Meet Ashley a non-traditional student attending CSU with a very unique story. Currently Ashley is a senior chemistry major from Chicago State University. Last summer, she was apart of the Banneker-Aztlán Institute at the Harvard-Smithsonian Center for Astrophysics. The project was based on HCN in protoplanetary disks and modeling ice chemistry. Prior to this, she has worked on meteorite surfaces and galaxy surveys using radio telescopes.
Ashley's goal is to become the first African American woman to receive a PhD in astrochemistry and to show how important chemistry is to astronomy, as a nontraditional student, and as a black woman.
Currently, she is working at Johns Hopkins University with Dr. Sarah Hörst as her advisor. These projects focuses on the chemistry on Venus and Saturn's moon, Titan.
Let's take a look into Ashley's story shall we?...
My story has a unique twist to it. In 2016, my father passed away from lung cancer. Shortly after his death, the social security administration mistakenly declared me deceased.
I was always fascinated with the space. My uncle bought me a telescope when I was 5. My aunts took me to the Adler Planetarium in Chicago when I was 9 or 10. I had always wanted to go back. When I was in high school, I took a Earth Space science class. This peaked my interest a little bit more. My curious nature lead me to pursue a non-traditional astronomy career.
The Journey as a non-traditional African- American woman in Astrophysics:
I started doing research in astronomy in 2016 and Illinois had a state budget crisis, which Chicago State was suffering from. A lot of people were leaving and with this being said, my advisor decided to leave Chicago State. I was her very first chemistry student and last research student at CSU. During this time, I was taking care of my ill father. He had lung cancer and passed away from the complications of the disease in the beginning of the fall semester. My former advisor is very supportive. She encouraged me to apply to the Banneker & Aztlán Institute at the Harvard-Smithsonian Center for Astrophysics.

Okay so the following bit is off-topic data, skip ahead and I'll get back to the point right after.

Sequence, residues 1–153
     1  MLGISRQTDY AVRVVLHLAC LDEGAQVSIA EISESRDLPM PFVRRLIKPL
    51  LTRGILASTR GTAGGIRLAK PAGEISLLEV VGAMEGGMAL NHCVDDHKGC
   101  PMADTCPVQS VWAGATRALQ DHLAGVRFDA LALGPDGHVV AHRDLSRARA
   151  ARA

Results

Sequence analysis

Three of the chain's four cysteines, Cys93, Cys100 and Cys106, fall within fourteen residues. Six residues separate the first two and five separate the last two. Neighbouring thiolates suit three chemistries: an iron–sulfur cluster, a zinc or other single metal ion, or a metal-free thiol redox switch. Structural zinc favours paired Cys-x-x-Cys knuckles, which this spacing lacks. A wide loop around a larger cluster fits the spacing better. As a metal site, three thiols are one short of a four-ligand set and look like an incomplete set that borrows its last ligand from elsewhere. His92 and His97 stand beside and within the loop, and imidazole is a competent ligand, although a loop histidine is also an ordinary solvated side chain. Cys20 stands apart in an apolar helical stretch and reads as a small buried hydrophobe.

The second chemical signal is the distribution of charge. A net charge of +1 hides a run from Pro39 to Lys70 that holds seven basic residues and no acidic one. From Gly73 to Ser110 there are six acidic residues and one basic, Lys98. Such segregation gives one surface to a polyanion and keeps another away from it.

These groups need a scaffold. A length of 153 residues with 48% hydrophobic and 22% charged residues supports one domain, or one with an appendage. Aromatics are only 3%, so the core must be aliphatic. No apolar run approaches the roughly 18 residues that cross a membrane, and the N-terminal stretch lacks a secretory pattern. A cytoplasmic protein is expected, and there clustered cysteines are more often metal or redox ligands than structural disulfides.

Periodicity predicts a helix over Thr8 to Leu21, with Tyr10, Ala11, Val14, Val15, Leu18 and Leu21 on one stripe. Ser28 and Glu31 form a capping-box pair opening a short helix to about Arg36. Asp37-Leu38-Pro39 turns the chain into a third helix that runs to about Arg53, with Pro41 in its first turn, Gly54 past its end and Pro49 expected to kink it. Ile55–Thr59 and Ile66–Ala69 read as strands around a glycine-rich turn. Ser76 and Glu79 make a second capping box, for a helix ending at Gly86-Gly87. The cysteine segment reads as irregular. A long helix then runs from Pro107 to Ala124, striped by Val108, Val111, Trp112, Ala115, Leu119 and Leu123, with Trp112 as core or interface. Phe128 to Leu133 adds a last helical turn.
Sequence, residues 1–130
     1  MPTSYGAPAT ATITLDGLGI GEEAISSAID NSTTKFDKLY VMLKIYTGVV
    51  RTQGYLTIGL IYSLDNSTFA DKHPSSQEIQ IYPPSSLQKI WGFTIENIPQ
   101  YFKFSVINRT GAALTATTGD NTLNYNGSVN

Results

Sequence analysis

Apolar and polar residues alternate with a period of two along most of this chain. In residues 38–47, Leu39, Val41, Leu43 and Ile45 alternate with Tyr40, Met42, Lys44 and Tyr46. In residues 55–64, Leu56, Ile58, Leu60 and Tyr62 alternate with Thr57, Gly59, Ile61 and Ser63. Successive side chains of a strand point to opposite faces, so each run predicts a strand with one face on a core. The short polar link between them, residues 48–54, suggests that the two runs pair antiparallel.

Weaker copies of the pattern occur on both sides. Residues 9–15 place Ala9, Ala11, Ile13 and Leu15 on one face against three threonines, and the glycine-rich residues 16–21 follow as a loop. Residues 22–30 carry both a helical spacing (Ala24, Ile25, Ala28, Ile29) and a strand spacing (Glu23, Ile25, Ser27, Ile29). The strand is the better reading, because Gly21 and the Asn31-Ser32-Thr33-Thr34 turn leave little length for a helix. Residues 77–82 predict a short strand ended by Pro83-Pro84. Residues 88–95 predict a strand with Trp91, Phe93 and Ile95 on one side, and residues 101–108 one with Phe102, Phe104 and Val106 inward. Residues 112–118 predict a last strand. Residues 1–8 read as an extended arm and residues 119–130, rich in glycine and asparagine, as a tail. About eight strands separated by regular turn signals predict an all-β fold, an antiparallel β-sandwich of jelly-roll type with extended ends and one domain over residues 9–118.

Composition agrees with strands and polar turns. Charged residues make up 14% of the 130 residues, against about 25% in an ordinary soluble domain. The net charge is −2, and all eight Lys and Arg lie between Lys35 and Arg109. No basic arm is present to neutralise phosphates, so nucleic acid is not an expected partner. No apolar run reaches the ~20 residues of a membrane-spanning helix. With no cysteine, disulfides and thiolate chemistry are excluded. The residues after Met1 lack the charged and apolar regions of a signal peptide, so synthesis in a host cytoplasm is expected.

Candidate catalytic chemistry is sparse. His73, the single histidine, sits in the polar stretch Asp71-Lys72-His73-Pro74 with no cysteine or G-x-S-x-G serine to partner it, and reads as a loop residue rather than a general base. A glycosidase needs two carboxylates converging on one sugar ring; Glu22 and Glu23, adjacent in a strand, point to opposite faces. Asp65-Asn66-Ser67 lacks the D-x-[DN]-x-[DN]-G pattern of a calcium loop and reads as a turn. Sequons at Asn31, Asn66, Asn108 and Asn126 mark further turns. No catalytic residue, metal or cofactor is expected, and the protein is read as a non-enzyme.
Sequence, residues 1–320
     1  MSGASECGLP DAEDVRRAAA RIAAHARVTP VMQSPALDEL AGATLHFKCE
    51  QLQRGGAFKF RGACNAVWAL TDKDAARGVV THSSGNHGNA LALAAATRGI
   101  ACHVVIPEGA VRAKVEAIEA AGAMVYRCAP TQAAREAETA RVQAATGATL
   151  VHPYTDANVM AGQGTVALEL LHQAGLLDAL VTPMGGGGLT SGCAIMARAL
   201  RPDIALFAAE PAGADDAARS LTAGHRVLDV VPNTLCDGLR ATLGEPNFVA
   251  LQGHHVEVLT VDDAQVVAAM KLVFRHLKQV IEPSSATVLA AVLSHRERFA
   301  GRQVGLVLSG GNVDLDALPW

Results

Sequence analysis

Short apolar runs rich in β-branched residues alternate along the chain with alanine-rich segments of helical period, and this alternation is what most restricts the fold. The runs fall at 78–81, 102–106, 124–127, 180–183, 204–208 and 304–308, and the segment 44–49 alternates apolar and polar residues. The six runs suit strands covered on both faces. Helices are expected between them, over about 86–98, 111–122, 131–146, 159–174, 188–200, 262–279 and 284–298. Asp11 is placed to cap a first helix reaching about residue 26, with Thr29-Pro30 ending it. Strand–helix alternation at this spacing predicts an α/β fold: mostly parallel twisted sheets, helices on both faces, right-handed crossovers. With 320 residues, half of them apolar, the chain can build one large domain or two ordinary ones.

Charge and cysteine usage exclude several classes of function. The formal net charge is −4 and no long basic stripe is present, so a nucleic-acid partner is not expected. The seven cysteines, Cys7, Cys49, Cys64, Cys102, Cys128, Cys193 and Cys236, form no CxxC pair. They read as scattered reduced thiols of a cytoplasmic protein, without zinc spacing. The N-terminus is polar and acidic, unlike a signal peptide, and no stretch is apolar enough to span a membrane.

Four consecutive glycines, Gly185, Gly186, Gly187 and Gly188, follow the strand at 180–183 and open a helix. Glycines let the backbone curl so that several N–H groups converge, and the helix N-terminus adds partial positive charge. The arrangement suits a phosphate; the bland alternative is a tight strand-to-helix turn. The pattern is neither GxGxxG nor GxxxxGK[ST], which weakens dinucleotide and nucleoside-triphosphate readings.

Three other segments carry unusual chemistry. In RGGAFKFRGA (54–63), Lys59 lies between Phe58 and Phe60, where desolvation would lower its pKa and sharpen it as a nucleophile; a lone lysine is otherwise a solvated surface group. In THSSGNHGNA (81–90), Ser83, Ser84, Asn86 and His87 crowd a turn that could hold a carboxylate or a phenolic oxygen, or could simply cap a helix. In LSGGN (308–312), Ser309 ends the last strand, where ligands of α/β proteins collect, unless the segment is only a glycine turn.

The unique twist:
One day, I was notified by financial aid at CSU and informed that I needed to present my social security card. I went to the financial aid office at my school and was told that I needed to go to the SSA. When I went to the SSA, I learned that I was mistakenly declared deceased on the date of my father’s death.
Everything was taken away from me. My credit cards were shut down and financial aid was gone. I had a Gofundme page. I AM EXTREMELY grateful for my mentors, advisors, and so MANY SUPERSTAR scientists who shared my Gofundme and through their help I was able to attend classes in spring.
That spring, I was accepted to the Banneker & Aztlán Institute. I interned in the astrochemistry lab and did research on early planet formation and planet forming disks using computational modeling of ice chemistry. I met so many cool scientists of color during the program. Some of which are now my closest friends and mentors.
Read the full story HERE
My future plans include becoming the first African American woman to receive a PhD in astrochemistry, working at NASA Goddard or NASA Ames in their astrochemistry lab, hosting a podcast or show with some of my astronomy peers, continuing to encourage women of the African diaspora to pursue STEM fields, and eventually being a professor at Chicago State University and starting a formal astronomy program.
By reading Ashley's story, it is evident that life can throw some unexpected curve balls at you. One thing is for certain, Ashley has shown us that no matter the circumstance, remaining determined, humble, and positive will always bring the blessings you deserve. Black girl magic at it's finest!
FOUNDER AND EDITOR
Hi My name is Kara and Welcome to Ladies Love STEM! I'm full-time graduate student and #STEMsis. When I'm not in the lab, I'm usually enjoying beautiful HotLanta. Here at Our goal is to provide women of color a space to motivate, encourage, and celebrate one another in STEM.